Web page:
Wednesday, July 23, 2014
Last week I took a class in fish printing, the Japanese term is Gyotaku. Living near the water and having a husband and friends who fish, I have wanted to learn how to do this for a long time. It's really quite simple, all you need are some smelly dead fish from the local fish or grocery store, acrylic paints and rice paper or white practice paper.
We started by rinsing and drying the fish with paper towels and then lying it on newspaper to brush on the paints. Our instructor gave us palettes and our choice of acrylic paints to mix or use pure. We used soft brushes and sponges to paint our fish from head to tail, spreading out the fins and painting them also. I found that if the fish was still wet or applying too much paint would make it run or smear when I printed the fish onto the paper. Our instructor suggested that we use paint colors that were similar to the fish's natural colors but I chose to think out of the box and my favorite turned out to be the red fish.
After the paint is applied, the paper is put down onto the fish and gently with our hands, we pressed the paper starting at the center and pressing out to the head and tail. We also carefully pressed around all edges in order to print the fins. This has to be done carefully so the paper doesn't slide and quickly so the paint doesn't dry. If I took too long, the paint would stick and tear the paper, especially the rice paper because it is soft and fibrious.
This was just a basic fish printing class but there are other techniques and ways to prepare. Some artists will lay the fish on a soft concave surface and pin the fins open or stuff material under the gills to keep the body from caving in.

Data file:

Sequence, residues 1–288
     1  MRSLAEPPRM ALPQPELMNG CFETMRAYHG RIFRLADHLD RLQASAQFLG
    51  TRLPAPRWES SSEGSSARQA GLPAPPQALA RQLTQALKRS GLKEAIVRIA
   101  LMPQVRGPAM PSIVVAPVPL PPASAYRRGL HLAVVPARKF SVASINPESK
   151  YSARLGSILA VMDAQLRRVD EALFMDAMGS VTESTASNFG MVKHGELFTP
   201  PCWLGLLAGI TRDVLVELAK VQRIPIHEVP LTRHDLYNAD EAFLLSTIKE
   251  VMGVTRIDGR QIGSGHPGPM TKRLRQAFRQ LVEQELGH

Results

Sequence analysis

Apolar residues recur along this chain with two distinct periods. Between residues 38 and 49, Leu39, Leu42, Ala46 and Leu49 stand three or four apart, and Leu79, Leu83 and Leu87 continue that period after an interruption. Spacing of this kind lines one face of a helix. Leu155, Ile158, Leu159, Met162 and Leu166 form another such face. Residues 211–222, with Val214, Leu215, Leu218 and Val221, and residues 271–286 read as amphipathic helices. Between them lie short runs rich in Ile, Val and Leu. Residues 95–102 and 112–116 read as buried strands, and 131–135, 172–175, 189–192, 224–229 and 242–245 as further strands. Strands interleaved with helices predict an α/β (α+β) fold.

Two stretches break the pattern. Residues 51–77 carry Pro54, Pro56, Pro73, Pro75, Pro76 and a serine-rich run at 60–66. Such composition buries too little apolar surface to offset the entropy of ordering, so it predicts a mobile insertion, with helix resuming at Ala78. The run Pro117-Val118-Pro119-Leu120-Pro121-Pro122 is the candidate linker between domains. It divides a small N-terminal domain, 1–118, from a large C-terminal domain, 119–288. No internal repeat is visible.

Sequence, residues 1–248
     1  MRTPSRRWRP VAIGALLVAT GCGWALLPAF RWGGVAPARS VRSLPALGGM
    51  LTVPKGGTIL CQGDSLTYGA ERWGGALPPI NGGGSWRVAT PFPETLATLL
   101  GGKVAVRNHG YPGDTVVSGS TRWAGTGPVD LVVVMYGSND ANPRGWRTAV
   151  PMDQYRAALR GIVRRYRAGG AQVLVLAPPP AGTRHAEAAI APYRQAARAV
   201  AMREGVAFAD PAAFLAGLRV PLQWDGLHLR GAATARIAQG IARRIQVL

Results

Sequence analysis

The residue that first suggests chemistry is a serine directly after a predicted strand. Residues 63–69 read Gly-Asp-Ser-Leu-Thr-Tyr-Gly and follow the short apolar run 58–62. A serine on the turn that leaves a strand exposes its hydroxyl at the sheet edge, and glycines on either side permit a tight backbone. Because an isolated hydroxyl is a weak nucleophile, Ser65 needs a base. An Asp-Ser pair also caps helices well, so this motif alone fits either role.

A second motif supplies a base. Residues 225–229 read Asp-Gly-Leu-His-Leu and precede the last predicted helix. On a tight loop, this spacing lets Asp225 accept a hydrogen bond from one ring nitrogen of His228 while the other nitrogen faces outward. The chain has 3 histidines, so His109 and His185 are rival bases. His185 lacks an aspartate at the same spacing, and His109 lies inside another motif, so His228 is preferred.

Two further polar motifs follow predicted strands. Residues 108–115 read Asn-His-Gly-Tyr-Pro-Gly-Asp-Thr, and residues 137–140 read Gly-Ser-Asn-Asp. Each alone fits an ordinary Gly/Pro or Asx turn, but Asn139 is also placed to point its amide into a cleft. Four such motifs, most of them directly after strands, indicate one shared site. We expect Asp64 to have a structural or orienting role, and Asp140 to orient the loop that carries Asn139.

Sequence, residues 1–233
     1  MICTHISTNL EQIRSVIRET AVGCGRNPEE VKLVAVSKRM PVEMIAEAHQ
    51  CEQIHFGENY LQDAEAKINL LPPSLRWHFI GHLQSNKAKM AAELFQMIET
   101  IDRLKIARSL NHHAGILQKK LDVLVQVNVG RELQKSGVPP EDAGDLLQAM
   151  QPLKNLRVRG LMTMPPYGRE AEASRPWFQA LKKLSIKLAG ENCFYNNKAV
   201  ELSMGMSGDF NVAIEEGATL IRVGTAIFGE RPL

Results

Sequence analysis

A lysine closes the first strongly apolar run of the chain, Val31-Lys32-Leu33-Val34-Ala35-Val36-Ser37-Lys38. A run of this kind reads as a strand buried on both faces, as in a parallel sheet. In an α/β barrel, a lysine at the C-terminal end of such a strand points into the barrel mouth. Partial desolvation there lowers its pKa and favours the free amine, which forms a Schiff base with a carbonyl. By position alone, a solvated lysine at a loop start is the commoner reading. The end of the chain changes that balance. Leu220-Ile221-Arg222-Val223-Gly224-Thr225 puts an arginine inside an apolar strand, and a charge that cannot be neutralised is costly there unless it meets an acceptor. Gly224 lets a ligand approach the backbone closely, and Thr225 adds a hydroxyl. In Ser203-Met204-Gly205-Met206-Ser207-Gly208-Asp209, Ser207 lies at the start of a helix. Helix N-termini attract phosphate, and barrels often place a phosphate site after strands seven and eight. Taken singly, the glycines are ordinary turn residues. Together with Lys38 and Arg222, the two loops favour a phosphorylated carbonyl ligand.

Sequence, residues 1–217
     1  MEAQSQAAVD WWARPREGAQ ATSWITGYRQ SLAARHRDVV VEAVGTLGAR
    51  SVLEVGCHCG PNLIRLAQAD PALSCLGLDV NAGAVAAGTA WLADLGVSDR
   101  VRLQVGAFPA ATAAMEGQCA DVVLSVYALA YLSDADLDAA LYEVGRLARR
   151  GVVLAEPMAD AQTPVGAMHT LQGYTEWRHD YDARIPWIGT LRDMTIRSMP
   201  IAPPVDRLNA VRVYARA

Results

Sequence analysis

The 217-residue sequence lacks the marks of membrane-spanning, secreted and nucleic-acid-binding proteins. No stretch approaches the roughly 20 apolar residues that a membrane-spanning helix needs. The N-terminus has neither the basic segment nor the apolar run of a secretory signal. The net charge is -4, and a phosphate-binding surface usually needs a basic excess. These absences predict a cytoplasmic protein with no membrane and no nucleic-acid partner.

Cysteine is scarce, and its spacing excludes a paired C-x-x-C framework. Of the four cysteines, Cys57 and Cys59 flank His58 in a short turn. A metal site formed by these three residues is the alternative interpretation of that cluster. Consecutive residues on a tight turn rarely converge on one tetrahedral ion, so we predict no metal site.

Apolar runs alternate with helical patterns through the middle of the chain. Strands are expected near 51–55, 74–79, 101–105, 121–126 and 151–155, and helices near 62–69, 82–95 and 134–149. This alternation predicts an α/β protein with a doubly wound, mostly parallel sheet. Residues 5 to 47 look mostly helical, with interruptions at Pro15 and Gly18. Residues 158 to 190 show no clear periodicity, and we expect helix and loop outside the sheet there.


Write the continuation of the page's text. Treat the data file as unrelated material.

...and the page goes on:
Afterwards I painted the eye on each fish with acrylic paint and where I needed more color, I touched up with watercolor paint.
Monday, July 21, 2014
Here is the 12x12" colored pencil drawing that I have been working on. As I mentioned in a previous post, I am working on 12x12" cradled Ampersand Gessobord with a coating of Colourfix liquid primer to hold the layers of pencil. I began by putting down one layer of color in the cherries and then adding solvent (odorless mineral spirits) with a small brush to the pencil to dissolve it and make it start to flow like paint. Into the wet pencil, I added more layers of pencil and then almost a dry brush to dissolve those layers and make them flow. This is how I achieve such rich colors. When the cherries were finished I worked the stems and then the shadows and patterns of the dish below in the same way but careful around the edges of the cherries. I find it's better to use less solvent so it doesn't get runny or to dab the brush on a cloth or paper towel before applying it to the drawing. For the white surface under the plate I used white Prismacolor and white #8052 Stabilo Aquarellable pencil. I like the Stabillo pencil because the lead is soft but not flaky and I can get good white coverage.
To finish this piece, I will spray with Lascaux Fixativ to preserve it. Next I will spray three coats of Krylon Kamar Varnish letting each dry in between.